Interested in setting up your own workplace bike share? Contact us to learn more.

Solarize

Webinar: Launch Your Own Solarize Campaign

As the final round of Solarize Upper Valley wraps up, residents around the region have a new opportunity to get involved.

On October 14, Vital Communities along with the New Hampshire Local Energy Working group is offering a free webinar: Launch Your Own Solarize Campaign.

After two years of experience coordinating Solarize campaigns in the Upper Valley, Vital Communities has created a comprehensive toolkit with timelines, templates, and examples to help any community Solarize. Vital Communities’ own Sarah Simonds will walk participants through the online Solarize Toolkit and offer tips on where to start and what to expect. Solarize volunteer Peter LaBelle of Cavendish, Vt., will share his experience helping to lead his community’s recent campaign.

The webinar runs from noon to 1 pm Wednesday, October 14. Learn more and register.

ron

Meet Our Board: Ronald G. Shaiko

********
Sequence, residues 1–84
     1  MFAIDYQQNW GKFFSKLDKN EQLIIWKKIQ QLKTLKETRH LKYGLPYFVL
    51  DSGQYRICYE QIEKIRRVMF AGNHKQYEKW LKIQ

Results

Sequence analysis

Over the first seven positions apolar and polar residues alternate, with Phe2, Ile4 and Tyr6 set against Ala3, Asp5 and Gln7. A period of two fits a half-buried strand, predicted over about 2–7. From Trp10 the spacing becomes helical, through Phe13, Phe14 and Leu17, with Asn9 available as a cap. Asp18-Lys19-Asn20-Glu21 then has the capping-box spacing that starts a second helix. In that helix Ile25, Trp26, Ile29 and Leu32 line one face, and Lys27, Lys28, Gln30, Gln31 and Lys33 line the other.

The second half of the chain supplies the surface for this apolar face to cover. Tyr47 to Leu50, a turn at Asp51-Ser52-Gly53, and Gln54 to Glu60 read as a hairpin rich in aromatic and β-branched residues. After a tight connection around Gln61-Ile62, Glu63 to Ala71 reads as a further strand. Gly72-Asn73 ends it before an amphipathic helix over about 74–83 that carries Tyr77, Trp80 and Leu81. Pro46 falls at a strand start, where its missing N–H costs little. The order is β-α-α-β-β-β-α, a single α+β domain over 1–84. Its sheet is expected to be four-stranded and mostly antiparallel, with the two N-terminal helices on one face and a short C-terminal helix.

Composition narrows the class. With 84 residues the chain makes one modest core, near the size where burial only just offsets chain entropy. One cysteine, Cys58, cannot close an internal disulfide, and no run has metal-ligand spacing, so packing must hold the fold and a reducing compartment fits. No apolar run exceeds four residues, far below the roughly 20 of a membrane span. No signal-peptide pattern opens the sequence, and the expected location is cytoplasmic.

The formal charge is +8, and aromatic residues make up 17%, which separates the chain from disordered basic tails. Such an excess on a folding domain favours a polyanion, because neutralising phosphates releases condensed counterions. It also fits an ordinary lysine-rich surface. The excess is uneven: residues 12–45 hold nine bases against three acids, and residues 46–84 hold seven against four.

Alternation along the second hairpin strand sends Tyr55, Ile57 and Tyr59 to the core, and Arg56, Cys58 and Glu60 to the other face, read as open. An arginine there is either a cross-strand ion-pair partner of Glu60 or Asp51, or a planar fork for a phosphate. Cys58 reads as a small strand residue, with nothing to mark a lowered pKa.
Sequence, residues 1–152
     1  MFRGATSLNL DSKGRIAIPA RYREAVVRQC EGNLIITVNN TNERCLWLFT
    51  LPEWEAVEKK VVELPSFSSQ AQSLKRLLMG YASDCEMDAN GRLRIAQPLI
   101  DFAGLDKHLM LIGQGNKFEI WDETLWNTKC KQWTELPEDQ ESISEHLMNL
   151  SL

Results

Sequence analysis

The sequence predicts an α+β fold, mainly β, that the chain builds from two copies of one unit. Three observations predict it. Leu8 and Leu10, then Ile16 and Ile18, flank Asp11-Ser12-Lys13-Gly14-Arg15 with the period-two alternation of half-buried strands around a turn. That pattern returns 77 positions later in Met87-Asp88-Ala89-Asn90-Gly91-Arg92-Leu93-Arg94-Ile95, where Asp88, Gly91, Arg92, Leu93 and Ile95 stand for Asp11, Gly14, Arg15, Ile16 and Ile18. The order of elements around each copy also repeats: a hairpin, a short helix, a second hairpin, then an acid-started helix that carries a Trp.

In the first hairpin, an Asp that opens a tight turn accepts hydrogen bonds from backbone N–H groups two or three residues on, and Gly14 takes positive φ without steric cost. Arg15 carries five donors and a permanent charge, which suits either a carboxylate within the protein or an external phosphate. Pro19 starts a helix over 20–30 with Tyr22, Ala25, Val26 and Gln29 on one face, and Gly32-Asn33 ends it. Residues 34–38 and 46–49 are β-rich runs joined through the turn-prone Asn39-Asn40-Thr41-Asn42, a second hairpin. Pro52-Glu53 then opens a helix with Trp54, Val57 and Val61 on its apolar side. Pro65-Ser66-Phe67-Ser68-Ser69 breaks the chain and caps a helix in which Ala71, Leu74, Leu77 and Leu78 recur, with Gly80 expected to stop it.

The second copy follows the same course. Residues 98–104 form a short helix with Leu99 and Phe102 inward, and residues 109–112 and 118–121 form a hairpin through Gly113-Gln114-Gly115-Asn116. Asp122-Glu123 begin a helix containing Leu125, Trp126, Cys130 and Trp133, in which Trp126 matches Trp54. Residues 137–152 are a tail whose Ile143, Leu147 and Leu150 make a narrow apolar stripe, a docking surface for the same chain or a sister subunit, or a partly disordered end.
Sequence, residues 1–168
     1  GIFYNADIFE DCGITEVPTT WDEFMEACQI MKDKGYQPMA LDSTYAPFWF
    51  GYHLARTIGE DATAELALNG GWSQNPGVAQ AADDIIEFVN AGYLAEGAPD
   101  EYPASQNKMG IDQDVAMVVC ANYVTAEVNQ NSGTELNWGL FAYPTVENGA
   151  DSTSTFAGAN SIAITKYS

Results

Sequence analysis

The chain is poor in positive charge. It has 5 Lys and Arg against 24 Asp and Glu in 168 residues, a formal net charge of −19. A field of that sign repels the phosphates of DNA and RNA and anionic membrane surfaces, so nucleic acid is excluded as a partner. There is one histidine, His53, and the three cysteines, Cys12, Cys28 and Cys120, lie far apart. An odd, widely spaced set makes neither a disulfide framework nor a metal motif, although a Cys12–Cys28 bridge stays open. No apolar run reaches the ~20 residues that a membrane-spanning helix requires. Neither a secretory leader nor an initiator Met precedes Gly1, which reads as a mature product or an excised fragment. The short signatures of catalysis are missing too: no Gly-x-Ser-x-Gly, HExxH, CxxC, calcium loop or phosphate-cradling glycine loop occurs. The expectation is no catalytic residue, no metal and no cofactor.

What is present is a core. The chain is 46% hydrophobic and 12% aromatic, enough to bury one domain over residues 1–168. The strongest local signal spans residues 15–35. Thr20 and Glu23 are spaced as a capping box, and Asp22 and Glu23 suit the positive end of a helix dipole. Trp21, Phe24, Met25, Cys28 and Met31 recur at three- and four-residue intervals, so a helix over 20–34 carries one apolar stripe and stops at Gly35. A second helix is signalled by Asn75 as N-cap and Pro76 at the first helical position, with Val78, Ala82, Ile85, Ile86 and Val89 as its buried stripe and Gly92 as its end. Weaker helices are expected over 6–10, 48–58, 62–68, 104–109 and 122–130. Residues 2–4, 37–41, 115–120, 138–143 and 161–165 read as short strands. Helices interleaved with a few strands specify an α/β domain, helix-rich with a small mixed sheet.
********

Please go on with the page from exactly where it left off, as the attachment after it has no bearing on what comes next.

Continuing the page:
Ronald G. Shaiko brings a long career of academic excellence to Vital Communities, having taught for more than a quarter century at the university level. This includes 15 years at Dartmouth College and 10 years at American University, where he is credited with founding and serving as the academic director of the Lobbying Institute. Currently, he serves as a senior fellow and associate director for curricular and research programs at The Nelson A. Rockefeller Center for Public Policy and the Social Sciences. He is past Fulbright Distinguished Chair in American Politics in the American Studies Center at Warsaw University in Poland, American Political Science Association Congressional Fellow in the U.S. House of Representatives, and Democracy Fellow at the United States Agency for International Development. In addition to teaching, Ronald is a sought-after presenter and published author widely quoted by media. He holds a BA in Political Science and History from Ursinus College and an MA and PhD in Political Science from the Maxwell School of Citizenship and Public Affairs at Syracuse University.